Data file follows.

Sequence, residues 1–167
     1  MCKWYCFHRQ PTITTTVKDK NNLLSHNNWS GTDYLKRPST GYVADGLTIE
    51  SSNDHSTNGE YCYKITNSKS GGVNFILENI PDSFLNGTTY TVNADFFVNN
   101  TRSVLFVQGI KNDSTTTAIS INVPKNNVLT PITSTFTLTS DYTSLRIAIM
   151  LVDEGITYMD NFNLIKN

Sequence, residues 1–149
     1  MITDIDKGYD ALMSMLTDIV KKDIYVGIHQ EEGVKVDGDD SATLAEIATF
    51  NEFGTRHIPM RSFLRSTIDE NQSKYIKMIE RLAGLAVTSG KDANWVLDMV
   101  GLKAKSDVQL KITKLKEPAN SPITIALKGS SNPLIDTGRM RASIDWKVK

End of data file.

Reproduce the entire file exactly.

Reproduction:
Sequence, residues 1–167
     1  MCKWYCFHRQ PTITTTVKDK NNLLSHNNWS GTDYLKRPST GYVADGLTIE
    51  SSNDHSTNGE YCYKITNSKS GGVNFILENI PDSFLNGTTY TVNADFFVNN
   101  TRSVLFVQGI KNDSTTTAIS INVPKNNVLT PITSTFTLTS DYTSLRIAIM
   151  LVDEGITYMD NFNLIKN

Sequence, residues 1–149
     1  MITDIDKGYD ALMSMLTDIV KKDIYVGIHQ EEGVKVDGDD SATLAEIATF
    51  NEFGTRHIPM RSFLRSTIDE NQSKYIKMIE RLAGLAVTSG KDANWVLDMV
   101  GLKAKSDVQL KITKLKEPAN SPITIALKGS SNPLIDTGRM RASIDWKVK